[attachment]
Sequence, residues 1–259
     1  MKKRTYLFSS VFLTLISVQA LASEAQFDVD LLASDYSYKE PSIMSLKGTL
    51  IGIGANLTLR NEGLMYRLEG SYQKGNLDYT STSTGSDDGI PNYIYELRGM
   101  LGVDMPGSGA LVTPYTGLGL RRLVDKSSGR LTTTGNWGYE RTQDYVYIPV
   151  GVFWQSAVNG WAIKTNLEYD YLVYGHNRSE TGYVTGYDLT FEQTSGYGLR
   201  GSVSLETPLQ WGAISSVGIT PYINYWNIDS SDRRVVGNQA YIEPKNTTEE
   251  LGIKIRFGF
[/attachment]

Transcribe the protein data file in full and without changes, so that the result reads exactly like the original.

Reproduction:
Sequence, residues 1–259
     1  MKKRTYLFSS VFLTLISVQA LASEAQFDVD LLASDYSYKE PSIMSLKGTL
    51  IGIGANLTLR NEGLMYRLEG SYQKGNLDYT STSTGSDDGI PNYIYELRGM
   101  LGVDMPGSGA LVTPYTGLGL RRLVDKSSGR LTTTGNWGYE RTQDYVYIPV
   151  GVFWQSAVNG WAIKTNLEYD YLVYGHNRSE TGYVTGYDLT FEQTSGYGLR
   201  GSVSLETPLQ WGAISSVGIT PYINYWNIDS SDRRVVGNQA YIEPKNTTEE
   251  LGIKIRFGF